If you file an Adversary proceeding in Bankruptcy Court, and defendant files counterclaims for infliction of emotional distress (actionable under state law), read the US Supreme Court’s 2011 opinion in Stern v. Marshall, 564 U.S. ___, 131 S. Ct. 2594.  There the high court reviews Article III powers of bankruptcy courts regarding such claims and rules that the bankruptcy court lacks power to enter final judgment on counterclaims of that species.  However, the remedy is not dismissal for lack of jurisdiction, but rather transfer to federal District Court (or the parties may consent to trial before the bankruptcy judge).

Law Office of Kurt H. King

20 E. Franklin, Liberty, Missouri 64068; 816.781.6000

Civil Practice including Litigation of Personal Injury and Property Claims, Workers’ Compensation, Family Law Matters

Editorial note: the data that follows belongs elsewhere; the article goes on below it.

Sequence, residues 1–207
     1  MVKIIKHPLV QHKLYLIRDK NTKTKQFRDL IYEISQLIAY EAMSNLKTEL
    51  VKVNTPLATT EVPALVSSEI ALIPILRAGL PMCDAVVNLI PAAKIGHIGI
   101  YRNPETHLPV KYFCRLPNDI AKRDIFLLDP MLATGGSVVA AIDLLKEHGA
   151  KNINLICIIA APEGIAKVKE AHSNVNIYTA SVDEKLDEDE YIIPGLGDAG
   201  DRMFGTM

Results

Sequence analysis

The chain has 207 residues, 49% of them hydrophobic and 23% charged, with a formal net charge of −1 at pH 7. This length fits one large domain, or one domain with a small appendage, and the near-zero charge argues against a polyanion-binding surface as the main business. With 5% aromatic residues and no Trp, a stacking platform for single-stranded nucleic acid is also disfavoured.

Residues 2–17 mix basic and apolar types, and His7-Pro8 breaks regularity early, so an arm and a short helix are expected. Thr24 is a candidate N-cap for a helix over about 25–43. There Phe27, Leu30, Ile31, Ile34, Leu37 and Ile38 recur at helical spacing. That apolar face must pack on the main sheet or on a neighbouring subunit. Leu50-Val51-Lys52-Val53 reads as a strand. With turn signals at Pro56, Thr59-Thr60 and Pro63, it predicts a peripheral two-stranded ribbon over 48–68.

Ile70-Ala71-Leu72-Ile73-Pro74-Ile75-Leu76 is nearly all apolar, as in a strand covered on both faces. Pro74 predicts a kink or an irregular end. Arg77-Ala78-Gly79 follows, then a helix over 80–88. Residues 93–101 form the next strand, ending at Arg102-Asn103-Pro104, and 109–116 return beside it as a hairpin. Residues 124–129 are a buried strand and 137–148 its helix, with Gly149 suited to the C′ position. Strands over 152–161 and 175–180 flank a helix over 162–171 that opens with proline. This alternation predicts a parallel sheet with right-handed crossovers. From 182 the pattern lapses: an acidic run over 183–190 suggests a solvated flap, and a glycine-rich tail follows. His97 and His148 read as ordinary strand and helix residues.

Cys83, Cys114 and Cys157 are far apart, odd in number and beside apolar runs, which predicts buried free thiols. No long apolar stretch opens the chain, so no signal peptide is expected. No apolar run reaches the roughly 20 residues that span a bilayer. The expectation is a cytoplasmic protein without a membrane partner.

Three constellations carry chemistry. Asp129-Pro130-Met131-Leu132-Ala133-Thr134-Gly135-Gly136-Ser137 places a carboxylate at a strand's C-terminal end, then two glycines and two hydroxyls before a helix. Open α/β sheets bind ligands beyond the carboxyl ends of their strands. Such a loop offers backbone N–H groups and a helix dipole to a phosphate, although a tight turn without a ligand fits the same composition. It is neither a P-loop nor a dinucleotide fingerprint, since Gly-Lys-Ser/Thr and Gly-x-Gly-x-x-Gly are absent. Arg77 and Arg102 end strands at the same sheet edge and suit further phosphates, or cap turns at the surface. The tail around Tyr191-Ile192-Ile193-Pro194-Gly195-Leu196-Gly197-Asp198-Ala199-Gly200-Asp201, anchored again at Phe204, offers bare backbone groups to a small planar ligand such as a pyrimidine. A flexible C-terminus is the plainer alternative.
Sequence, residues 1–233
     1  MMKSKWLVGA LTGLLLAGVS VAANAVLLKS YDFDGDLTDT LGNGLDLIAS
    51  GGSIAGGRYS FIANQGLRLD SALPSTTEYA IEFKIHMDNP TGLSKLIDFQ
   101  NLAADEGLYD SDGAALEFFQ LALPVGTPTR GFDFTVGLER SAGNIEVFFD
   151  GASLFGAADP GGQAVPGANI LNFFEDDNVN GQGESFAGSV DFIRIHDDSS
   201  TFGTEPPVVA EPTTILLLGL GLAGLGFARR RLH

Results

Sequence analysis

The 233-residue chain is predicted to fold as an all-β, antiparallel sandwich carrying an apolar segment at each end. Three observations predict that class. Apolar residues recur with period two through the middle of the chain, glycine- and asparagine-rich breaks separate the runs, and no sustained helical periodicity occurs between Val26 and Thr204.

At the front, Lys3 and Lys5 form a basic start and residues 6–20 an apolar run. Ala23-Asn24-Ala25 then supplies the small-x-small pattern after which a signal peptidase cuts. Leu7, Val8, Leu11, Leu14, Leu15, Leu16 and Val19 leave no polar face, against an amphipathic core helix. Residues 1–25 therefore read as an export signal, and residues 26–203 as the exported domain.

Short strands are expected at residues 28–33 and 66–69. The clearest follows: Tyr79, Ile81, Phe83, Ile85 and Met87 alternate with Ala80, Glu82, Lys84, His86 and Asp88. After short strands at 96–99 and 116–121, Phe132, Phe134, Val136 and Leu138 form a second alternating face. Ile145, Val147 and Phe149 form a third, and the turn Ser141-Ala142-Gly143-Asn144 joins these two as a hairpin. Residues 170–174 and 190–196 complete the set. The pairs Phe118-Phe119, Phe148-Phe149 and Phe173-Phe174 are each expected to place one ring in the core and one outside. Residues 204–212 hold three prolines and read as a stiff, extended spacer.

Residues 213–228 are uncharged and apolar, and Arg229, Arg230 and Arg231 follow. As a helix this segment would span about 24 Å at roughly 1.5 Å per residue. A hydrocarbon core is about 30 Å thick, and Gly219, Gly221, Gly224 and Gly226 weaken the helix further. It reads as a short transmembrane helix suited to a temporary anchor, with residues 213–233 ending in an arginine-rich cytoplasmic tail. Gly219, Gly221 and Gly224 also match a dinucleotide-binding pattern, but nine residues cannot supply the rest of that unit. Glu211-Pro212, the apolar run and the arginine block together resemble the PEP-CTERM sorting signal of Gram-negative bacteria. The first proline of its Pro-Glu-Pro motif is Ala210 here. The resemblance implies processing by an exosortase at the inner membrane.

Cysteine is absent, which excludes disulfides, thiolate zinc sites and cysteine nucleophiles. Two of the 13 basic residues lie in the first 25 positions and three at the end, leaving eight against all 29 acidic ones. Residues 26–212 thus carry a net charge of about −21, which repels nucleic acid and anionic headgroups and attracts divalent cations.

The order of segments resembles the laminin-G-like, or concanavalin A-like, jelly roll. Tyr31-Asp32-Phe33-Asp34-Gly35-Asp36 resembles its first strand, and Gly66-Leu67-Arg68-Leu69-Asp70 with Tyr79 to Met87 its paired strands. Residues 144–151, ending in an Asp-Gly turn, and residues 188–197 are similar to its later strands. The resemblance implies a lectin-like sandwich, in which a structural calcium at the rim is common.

August 19, 2014

History of Wrongful Death Actions in Missouri

Do yourself a big favor and read Daniel Sheffner’s article in the July-August 2014 edition of the Journal of the Missouri Bar (Google search will find it for you), entitled “Wrongful Death’s Common Law Antecedents in Missouri.” Well written with important information.

Sheffner traces the fallacy that began the need for states to pass wrongful death laws. And, he points out that James v. Christy, 18 Mo. 162 (1853), a case decided two years before Missouri’s first wrongful death law, indicates that Missouri COMMON LAW afforded recovery of damages for wrongful death.

Since Missouri common law granted recovery for wrongful death prior to the state’s first wrongful death act passed in 1855, the present damage caps should not apply for that reason as well as the fact that such caps were recently struck down where the victim survived the injury. Why should recovery be limited when the victim dies but not when he lives?

Kurt H. King
20 E. Franklin, Liberty, Clay County, Missouri 64068

Personal Injury, Workers’ Compensation
Chapter 7 Bankruptcy for debtors, Family Law, General Matters